“Sorry, nope. I really don’t.” Was my normally sedate friend buying something a little naughty perhaps?

She blushed profusely. “You know, what you shove up your bum when you’ve got piles.” (That’s hemorrhoids, to you across the pond.)

She meant suppositories. I didn’t ask who was going to be on the, ahem, receiving end of them, but as she was walking a bit tenderly, I suspect I know.

My daughter always thought there was a place called Bomb-sit. That’s down to me yelling, “Your room looks like a bomb’s hit,” my way of asking her to tidy it up.

Recently, a kid I know told me he wanted a ‘Git-hard’ for Christmas. I puzzled over that one for a while, until another kid told me he meant he wanted a guitar.

Ah, the English language! Let me know anything you’ve misheard…

Back to Writing

I’ve been so busy promoting other people’s work, editing, proofing (and completing the day job) that I failed to realise I haven’t posted anything about what I’m writing in a while.

Yes, I am still writing, in fact I have several on the go, but the one I’ve been asked to concentrate on is more in the vein of ‘Nan Nose Best’ in that it’s got romance, heartbreak, babies and comedy, all under one roof.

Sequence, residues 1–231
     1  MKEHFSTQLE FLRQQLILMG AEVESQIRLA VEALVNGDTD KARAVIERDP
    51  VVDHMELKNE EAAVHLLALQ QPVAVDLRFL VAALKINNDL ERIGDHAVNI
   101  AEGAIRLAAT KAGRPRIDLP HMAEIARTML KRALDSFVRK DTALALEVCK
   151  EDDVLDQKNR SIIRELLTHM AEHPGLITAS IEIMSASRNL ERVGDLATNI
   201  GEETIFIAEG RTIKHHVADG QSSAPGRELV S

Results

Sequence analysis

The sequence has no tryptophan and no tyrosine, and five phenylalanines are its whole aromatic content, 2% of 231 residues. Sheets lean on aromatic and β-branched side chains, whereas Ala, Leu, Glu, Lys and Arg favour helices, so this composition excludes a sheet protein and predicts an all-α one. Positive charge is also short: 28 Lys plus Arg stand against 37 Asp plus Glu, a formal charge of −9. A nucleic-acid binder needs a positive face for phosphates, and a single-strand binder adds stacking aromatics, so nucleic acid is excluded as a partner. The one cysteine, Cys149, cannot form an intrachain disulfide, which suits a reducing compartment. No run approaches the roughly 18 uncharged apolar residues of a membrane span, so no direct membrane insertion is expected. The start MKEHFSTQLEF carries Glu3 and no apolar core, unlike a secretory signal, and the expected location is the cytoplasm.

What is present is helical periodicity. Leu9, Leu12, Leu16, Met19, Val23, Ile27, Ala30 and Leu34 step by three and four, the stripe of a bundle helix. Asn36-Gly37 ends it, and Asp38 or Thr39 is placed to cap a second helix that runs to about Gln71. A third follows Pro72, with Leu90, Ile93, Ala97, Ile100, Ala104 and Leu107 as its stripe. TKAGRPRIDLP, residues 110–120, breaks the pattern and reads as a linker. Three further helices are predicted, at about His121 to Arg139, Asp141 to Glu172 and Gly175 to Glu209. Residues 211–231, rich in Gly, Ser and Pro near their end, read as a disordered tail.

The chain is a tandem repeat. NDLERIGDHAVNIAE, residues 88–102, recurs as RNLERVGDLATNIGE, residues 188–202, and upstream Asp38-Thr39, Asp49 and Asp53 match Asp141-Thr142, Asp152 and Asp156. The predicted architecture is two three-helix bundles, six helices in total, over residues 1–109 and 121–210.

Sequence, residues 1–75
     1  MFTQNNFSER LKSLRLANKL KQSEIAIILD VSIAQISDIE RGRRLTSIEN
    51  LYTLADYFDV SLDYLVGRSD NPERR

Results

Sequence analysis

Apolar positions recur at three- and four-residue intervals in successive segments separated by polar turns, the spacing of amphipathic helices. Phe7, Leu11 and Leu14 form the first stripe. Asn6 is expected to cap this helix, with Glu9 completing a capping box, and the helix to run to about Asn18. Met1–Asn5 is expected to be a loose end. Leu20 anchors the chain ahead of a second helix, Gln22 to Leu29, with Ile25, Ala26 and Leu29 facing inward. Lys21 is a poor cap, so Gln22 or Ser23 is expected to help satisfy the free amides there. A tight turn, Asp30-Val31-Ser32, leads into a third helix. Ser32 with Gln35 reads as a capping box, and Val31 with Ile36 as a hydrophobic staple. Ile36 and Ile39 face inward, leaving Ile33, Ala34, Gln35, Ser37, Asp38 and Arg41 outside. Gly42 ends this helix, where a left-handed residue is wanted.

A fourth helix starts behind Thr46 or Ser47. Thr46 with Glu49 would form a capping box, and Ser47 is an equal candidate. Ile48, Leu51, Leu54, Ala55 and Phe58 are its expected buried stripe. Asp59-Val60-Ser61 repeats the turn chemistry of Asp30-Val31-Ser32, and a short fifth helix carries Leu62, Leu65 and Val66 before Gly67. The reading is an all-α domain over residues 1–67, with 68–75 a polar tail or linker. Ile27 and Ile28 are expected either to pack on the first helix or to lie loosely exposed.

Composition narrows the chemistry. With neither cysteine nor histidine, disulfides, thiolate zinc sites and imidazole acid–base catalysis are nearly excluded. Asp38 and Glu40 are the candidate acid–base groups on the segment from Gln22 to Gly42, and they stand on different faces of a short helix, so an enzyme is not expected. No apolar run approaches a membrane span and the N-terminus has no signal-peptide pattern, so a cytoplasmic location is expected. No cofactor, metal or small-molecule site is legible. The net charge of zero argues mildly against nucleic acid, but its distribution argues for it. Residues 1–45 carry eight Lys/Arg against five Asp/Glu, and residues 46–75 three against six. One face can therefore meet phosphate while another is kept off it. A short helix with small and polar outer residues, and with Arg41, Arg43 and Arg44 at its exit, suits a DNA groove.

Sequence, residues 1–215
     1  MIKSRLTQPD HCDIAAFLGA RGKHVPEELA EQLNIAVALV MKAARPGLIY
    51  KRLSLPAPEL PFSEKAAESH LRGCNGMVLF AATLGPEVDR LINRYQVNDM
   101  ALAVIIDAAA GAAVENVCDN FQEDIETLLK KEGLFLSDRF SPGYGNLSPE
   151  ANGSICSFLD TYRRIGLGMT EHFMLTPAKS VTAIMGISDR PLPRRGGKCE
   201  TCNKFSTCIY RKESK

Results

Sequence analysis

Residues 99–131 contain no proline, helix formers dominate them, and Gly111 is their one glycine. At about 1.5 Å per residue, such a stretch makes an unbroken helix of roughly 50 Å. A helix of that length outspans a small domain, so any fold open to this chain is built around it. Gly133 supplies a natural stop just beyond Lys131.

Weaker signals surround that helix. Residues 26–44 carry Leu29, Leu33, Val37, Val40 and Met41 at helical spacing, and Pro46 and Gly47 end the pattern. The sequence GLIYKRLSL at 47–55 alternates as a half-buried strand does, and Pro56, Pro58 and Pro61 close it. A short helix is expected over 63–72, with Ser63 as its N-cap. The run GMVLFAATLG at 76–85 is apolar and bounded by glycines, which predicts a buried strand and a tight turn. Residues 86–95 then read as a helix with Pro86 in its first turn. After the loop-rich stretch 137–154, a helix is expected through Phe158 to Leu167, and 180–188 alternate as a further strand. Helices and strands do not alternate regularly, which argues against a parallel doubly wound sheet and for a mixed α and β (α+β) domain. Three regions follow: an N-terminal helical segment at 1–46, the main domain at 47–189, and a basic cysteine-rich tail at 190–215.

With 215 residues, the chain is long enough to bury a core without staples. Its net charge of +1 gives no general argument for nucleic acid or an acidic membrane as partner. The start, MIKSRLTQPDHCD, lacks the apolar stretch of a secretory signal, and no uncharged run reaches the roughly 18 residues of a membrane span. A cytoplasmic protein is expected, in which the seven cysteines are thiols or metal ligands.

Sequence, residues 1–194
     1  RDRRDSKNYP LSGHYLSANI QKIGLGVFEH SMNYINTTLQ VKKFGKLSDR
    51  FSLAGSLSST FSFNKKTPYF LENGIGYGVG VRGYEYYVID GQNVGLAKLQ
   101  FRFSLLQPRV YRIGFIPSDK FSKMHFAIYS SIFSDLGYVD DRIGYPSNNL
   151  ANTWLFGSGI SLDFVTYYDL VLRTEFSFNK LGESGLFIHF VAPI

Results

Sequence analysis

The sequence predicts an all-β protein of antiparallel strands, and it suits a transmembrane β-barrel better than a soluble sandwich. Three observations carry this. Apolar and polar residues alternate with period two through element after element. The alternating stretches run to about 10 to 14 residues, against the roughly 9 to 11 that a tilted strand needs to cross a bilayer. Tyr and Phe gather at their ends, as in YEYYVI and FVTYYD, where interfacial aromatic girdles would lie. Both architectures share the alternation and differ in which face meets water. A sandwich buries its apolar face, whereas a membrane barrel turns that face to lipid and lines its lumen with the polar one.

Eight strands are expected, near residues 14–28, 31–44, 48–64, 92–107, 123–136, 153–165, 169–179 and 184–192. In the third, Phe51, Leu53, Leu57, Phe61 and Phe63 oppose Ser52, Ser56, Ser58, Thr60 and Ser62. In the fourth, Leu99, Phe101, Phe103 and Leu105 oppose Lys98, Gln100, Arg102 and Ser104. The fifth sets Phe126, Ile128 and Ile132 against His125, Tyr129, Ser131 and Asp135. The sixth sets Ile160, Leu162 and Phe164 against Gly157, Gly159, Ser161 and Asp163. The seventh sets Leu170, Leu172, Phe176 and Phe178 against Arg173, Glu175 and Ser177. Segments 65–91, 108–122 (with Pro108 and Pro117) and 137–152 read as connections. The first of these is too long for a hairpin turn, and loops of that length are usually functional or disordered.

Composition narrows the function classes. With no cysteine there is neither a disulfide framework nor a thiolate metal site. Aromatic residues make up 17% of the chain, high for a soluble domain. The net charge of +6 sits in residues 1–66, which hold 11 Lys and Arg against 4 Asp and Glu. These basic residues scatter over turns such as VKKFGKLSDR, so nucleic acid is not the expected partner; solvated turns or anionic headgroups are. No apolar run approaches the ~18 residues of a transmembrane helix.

The characters are endearing, the story is realistic (in that this stuff could happen…) and you’ll (I hope) be rooting for Jenny to come out on top by the end.

I’m having a ball writing it and I hope you’ll enjoy it when it comes out, just in time for Valentine’s Day next year.

Here’s a sneaky look at a possible cover…

Free Fall (8)

If you’d like to read any of my other books in the meantime, please follow the links and make an author happy by buying one!

UK: https://www.amazon.co.uk/Jill-Turner/e/B0142S490M

USA: https://www.amazon.com/Jill-Turner/e/B0142S490M

‘Til next time – take care,

Jill

Furry friends

There’s a new addition to the Turner household – a tiny, furry, 10-week-old fiend of a Cavapoo – with (sadly) poo being the operative word at present. He’d been wormed the night before we collected him and the wormer didn’t agree with him. Not one little bit! Cue a very runny botty, blood-stained poop and a trip to the vets on his first day with us.

We were advised to give him bland food; chicken, rice, scrambled eggs, and pasta, to try to settle him down and it’s definitely helping – but he’s still showing signs of blood in it (we collected him on Thursday). We’re hoping it’s just because his tummy was so upset and it isn’t worrying him as his personality is shining through and he’s not acting ill in the slightest. (At the moment he’s running around having gleefully nicked a sheet of newspaper!)

I have to say I never thought having a new puppy would involve warm water, cotton wool and me wiping clean a tiny bum while my teenager gags and holds him!

Apart from that, he’s a bundle of fun – chewing everything he can get his gums around (and he has a penchant for my toes…) – why is it that a pup can have bundles of new toys to play with, yet prefer the bottom of a dressing gown, slippers and feet? He bounces about all over the place, inevitably with one of our slippers or shoes in his mouth, running so fast he trips and does a roly-poly then gazes up at us in surprise.

Yep, it’s love!